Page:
“I have a little shadow that goes in and out with me/ and what can be the use of it is more than I can see.” Robert Louis Stephenson
“Glory be to God for dappled things!” G.M. Hopkins
We are born creatures of light and darkness, on many levels. From the darkness of the womb, we are pushed into the startling instancy of light. We sleep and wake according to the pattern of day and night. We spend our lives in the rhythm of sunrise and sunset, the color that lingers as evening fades into darkness, and “rosy-fingered dawn” (Homer), streaks the sky of a new day. Darkness and light become metaphors for ignorance and truth, for evil and redemption, for hate and love, for grief and joy.
Shadow, the product of darkness and light, is a constant for us, and a necessity for establishing the dimensions of what we see. Shadow can function to obscure and deform, to bring drabness and dreariness, and then again, reveal in the shifts—or play– of light and darkness the changing shape of the world around us, ebbing softly into roundness, dividing sharply into angles and planes– a box, a pyramid– or rendering the folds and falls of a tablecloth or a garment. An artist relies on light and shadow to compose a painting, rendering portraits that seem to shine from within like Rembrandt’s, or the dramatic contrast of the chiaroscuro used by Caravaggio.
All over the earth, light and shadow play in an ever-varying drama. Our lives play out that way, too, and so did those of the apostles, in the shadows of fear and hopelessness transformed into light-bearers, as darkness turned to dawn in the garden for Mary of Magdala, as the fearful tightness of the Upper Room yielded to Peace and Joy. There was Thomas, in the shadow of doubt, invited into the wounds of Jesus and believing; there was the Risen Lord tending a charcoal fire, a jolt of shame for Peter the betrayer, now turned into an Easter breakfast of love and mercy in abundance. Peter’s shadow was transformed into healing power for people who sought to lie in his shadow and be cured. There was Stephen, standing in the shadow of certain death, his face glowing like an angel’s. And they are us.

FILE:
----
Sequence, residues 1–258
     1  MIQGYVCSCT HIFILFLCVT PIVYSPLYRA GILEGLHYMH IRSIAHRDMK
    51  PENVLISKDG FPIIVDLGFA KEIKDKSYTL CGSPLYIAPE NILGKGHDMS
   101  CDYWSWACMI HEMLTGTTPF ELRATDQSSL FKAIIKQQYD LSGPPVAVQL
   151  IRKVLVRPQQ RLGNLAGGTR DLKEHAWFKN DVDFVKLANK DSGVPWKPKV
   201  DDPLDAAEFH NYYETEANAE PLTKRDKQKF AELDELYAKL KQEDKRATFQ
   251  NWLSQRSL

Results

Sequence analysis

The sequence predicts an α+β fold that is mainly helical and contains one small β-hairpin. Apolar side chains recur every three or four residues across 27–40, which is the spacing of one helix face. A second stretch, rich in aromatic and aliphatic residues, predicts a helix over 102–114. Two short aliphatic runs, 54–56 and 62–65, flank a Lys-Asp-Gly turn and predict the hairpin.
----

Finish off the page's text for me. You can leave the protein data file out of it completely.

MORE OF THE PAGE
I am musing about the inevitability of shadow. Even as we profess the glory of salvation in Christ Risen, we dwell in spaces of darkness. Set free from bonds of sin and death, we are not spared times of doubt and pain. Shadow seems part of being human. But we are graced—Christed–with this insight: shadows are impermanent. In and around us they dim and flare, flash and fade, stretch and shrink, shaping our own unique play of light and darkness. We know the weight and weariness of the world. But the light that dapples our journey is sure–a promise that will not fail us.
As with Peter and the flame-lit disciples, there is a sort of Divine burnishing going on with us. We develop a certain glow, and to our surprise, flicker as light for others. Christ illumines our common path on the journey of faith and love that the Eastern church calls “divinization.” Standing around the new fire this past Easter Vigil, we heard the Exultet: “Rejoice O earth in shining splendor, radiant in the brightness of your king!” and we saw how the candle flames moved over the faces of those gathered. In truth, we are together aglow, walking in the shining shadow of the Paschal Mystery.